Rosin, or rosin tech, is a solvent-free method for making cannabis extracts. The process applies a heat press to flower, kief, or hash to melt the trichomes.

Rosin also leaves the terpenes within the concentrate, making it a concentrate with full flavor. This technique is also safe and easy. All of these benefits make rosin one of the best forms of concentrates around.

Believe it or not, you can use a hair straightener to easily extract the cannabinoids from flower. Since the hair straightener acts as a heat press, the extract left behind is a type of rosin.

Rosin press
rosin being extracted from a rosin press using only pressure and heat

Simply grab some wax paper, and sandwich it around some bud. Then, heat up your hair iron and put the wax paper between two heating elements. Press down hard for about 15 seconds, and you should notice that resin gets extracted from the plant and sticks to the wax paper.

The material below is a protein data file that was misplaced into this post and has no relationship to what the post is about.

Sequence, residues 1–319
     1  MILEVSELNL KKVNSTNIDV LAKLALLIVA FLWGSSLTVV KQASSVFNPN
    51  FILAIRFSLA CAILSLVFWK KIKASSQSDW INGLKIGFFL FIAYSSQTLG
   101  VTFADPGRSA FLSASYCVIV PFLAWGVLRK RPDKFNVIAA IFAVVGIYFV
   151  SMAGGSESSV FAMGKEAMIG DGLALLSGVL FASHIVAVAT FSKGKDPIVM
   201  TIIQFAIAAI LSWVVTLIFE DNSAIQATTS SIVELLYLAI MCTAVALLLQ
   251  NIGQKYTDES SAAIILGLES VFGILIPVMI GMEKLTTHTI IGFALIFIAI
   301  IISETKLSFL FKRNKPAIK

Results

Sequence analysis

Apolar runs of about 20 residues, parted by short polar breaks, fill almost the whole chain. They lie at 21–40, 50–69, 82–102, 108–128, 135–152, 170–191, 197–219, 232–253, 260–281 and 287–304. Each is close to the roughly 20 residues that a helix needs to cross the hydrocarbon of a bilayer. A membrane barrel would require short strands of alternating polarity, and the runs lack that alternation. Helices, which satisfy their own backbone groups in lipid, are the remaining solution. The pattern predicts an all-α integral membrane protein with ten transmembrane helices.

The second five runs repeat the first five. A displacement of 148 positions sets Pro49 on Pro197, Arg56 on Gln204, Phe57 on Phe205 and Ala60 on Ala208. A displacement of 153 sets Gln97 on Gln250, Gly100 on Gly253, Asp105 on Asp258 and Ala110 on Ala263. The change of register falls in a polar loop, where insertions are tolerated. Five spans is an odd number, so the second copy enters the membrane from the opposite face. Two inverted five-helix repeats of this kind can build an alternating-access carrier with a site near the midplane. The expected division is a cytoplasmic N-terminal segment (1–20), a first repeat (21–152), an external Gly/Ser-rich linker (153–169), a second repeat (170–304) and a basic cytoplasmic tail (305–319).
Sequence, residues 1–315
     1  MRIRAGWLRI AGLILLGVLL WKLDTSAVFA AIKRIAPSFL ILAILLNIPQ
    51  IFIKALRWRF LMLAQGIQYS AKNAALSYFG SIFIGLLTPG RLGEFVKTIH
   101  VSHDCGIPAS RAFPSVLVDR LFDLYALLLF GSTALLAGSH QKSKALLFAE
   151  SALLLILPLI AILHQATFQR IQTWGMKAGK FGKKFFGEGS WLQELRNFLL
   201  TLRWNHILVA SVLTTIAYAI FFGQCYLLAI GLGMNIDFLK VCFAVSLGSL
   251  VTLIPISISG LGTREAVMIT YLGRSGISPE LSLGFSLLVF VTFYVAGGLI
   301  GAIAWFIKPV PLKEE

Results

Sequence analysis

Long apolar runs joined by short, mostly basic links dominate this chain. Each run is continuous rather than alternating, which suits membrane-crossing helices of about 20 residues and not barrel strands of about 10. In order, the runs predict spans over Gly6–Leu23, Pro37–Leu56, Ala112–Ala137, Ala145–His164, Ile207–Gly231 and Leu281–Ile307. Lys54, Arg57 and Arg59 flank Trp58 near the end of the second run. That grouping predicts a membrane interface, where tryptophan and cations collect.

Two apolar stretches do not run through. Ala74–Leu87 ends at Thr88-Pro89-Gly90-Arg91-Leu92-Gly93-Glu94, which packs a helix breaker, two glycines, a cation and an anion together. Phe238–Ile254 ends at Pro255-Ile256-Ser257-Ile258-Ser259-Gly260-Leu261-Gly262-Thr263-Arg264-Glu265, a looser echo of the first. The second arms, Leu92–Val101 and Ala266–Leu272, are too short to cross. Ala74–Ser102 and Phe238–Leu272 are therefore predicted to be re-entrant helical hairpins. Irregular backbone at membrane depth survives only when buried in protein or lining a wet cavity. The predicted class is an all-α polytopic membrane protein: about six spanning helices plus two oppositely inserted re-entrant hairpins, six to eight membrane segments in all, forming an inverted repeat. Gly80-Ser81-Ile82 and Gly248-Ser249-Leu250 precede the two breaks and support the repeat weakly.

When I first tried this, I was actually surprised as to how easy this process was. The resin sticks to the wax paper nicely and is easy to scrape off after you are done with the hair iron.

While this process is fun to try at home, the extraction method may not the most efficient. It is difficult to know exactly how much resin is left behind on the bud, so feel free to smoke the leftover weed or save it to make edibles. At the end of the day, I prefer to smoke flower normally, as the hair straightener seems to be a bit of a waste.

Maybe rosin is not as wasteful as I first thought, as a redditor was able to get .47 grams of concentrate from 2 grams of flower. Considering that most flower is around 20% THC, a concentrate with 25% yield is about as good as you could get. Most of the weight is in undesirable plant matter.

If you suspect that your concentrates are not the purest, then this technique is a simple and efficient way to turn your concentrates into a full melt. While this method is the easiest, quickest, and cheapest method to make extracts, it will inevitably burn of many of the terpenes.

Rick Simpson Oil

Rick Simpson Oil, RSO, or Phoenix Tears is another solvent-based extraction process that is relatively easy to make. This process uses isopropyl alcohol.